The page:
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The Safe Pick

Conservatives hoped for a demonstrably conservative nominee with a streak of daring. They didn't get one.

11:39 PM, Jul 19, 2005 • By FRED BARNES
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PRESIDENT BUSH kept his promise in nominating John Roberts, a federal appeals court judge, to replace Justice Sandra Day O'Connor the Supreme Court. Since Bush first announced for the presidency in 1999, he has vowed to name judicial conservatives who will interpret the law rather than legislate from the bench and fabricate new rights. Roberts, the president's first Supreme Court pick, qualifies as a judicial conservative, or as Republican Sen. John Cornyn called him, "a mainstream traditionalist." His confirmation will nudge the court to the right. And confirmation appears highly likely.

But there's more to the Roberts choice than that. In choosing among judicial conservatives, there are safe picks and risky picks. With Roberts, Bush took the safe route. Related to this, there are cautious judicial conservatives and bold judicial conservatives. The president tilted to the cautious side in naming Roberts.

How safe was the pick? The answer is very. This is partly because of his impressive credentials as a brilliant legal scholar and man of solid temperament and character. More important, he's already been tested in the Senate and passed muster. In 2003, his nomination to the U.S. Court of Appeals for the District of Columbia sailed through the Senate Judiciary Committee on a 16-3 vote. He cleared the full Senate on a voice vote. If you are committed to choosing a genuine judicial conservative, it doesn't get much safer than Roberts.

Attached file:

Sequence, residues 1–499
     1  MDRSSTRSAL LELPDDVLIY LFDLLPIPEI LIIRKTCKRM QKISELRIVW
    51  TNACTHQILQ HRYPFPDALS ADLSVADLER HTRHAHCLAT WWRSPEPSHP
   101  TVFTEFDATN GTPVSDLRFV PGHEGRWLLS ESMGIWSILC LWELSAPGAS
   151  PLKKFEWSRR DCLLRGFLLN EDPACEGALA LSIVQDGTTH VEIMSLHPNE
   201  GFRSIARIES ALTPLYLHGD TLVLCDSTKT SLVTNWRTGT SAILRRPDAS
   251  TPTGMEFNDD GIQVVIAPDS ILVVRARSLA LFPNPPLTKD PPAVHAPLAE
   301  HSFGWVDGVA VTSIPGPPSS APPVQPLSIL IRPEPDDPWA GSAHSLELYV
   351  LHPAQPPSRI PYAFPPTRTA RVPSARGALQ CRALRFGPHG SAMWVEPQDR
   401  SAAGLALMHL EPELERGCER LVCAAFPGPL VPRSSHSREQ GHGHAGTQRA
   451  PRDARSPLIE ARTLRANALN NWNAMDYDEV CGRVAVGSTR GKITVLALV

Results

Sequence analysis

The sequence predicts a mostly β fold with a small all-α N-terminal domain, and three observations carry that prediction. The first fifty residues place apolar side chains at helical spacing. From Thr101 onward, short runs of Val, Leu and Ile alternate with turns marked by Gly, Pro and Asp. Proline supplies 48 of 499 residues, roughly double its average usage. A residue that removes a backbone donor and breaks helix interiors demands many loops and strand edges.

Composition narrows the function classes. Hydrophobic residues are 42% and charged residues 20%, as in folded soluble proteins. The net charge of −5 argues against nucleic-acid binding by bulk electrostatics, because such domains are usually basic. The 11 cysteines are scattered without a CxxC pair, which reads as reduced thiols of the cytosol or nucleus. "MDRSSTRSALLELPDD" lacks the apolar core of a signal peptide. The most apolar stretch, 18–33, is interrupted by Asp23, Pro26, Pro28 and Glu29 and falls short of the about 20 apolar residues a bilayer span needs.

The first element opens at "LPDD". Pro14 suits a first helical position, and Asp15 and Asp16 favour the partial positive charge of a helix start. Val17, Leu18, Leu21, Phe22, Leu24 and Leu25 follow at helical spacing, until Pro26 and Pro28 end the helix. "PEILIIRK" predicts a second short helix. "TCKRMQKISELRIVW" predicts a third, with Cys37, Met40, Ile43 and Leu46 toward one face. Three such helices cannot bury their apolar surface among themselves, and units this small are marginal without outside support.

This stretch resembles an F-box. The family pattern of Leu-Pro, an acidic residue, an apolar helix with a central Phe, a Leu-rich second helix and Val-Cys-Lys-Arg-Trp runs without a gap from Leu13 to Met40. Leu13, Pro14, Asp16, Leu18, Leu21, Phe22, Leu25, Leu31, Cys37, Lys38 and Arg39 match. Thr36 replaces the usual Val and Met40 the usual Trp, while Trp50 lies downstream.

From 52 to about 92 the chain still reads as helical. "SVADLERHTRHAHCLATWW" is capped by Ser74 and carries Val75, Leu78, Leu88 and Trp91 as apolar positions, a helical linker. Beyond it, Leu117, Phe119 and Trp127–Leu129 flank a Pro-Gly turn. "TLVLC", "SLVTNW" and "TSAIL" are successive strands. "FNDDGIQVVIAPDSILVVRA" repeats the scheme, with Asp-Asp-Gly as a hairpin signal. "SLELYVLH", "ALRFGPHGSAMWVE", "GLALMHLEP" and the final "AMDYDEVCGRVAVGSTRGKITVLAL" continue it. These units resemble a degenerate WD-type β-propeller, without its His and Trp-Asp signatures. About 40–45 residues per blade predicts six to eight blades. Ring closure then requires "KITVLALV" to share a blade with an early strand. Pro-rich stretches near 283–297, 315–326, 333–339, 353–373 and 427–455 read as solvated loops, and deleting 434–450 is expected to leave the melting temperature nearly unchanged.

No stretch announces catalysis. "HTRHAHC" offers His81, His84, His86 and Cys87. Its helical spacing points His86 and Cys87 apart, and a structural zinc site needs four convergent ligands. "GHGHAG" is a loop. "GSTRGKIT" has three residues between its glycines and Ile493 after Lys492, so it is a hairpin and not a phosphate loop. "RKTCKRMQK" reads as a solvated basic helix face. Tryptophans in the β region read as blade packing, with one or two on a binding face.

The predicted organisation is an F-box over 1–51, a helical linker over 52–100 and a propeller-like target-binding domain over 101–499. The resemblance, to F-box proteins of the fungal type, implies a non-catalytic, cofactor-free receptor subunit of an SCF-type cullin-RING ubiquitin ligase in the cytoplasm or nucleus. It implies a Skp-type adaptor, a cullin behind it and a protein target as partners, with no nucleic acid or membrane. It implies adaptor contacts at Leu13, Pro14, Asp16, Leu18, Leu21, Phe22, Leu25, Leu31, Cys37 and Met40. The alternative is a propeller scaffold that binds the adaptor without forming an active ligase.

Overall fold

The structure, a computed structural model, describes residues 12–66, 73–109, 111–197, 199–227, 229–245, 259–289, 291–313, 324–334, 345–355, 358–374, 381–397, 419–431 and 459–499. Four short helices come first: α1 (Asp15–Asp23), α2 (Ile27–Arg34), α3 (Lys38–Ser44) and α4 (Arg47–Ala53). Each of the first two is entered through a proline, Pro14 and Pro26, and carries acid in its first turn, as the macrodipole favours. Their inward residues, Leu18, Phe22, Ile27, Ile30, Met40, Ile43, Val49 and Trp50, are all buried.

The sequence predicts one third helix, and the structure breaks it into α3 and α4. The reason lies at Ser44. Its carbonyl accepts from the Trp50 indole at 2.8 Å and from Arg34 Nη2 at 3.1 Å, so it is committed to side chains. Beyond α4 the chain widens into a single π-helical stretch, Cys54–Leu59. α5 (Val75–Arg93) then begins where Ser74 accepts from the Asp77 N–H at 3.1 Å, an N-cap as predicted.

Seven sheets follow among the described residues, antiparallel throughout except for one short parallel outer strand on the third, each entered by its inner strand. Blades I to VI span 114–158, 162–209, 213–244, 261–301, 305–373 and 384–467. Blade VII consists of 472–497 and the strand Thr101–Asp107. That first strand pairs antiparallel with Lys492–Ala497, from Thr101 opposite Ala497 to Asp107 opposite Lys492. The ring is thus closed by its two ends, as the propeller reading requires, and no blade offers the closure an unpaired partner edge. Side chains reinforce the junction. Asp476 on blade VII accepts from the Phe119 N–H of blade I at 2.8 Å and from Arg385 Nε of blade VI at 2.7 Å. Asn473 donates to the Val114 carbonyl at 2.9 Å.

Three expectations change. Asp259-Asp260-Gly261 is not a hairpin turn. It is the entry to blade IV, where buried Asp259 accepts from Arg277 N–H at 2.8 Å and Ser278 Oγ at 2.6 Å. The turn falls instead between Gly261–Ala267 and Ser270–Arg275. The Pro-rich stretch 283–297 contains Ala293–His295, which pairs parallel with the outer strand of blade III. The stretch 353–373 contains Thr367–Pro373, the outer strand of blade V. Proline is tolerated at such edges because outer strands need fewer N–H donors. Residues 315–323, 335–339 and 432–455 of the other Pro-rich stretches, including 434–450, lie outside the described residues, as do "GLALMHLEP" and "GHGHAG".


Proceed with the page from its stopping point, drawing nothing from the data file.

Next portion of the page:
Bush had the opportunity to take a riskier approach. His list of possible nominees included a number of federal judges who would have faced truculent opposition by most Senate Democrats and by the liberal groups allied with them. These included Judges Michael Luttig of the 4th U.S. Court of Appeals and Edith Jones of the 5th. Confirmation of either would have been difficult and involved a nasty and bitter clash between Republicans and Democrats. Still, they'd likely have been confirmed. The hearings and debate on Roberts are expected to be kinder and gentler.

More than any decision in Bush's second term, conservatives around the country have been focused on what he'd do when faced with a Supreme Court vacancy. Their hope was for a demonstrably conservative nominee with a streak of daring. In Roberts, they didn't get one, at least from all appearances. He's an establishment conservative, respected as a private attorney and admired as a judge. Audacious he is not. On the other hand, there's little concern that he might drift sharply to the left as Justice David Souter, nominated by the elder President Bush, has.

The Roberts nomination didn't prompt conservatives to jump for joy, though he was widely praised. Cornyn called him a "solid pick." Republican Sen. Tom Coburn of Oklahoma offered no praise at all. He said the Senate must examine Roberts' "loyalty to the Constitution and its strict construction." Sounding a bit like Democratic Sen. Chuck Schumer of New York, who is sure to spearhead the opposition to Roberts, Coburn said senators have the right to ask "any appropriate question."



Social conservatives were hoping for more. No doubt they'll line up in support of Roberts when Democrats like Schumer and groups such as People for the American Way begin to attack him. But they dream of the day when there are five votes on the court to reverse the 1973 Roe v. Wade decision, which legalized abortion. Now there are only three. Is Roberts likely to join a anti-Roe bloc on the court? Probably not.



Fred Barnes is executive editor of The Weekly Standard.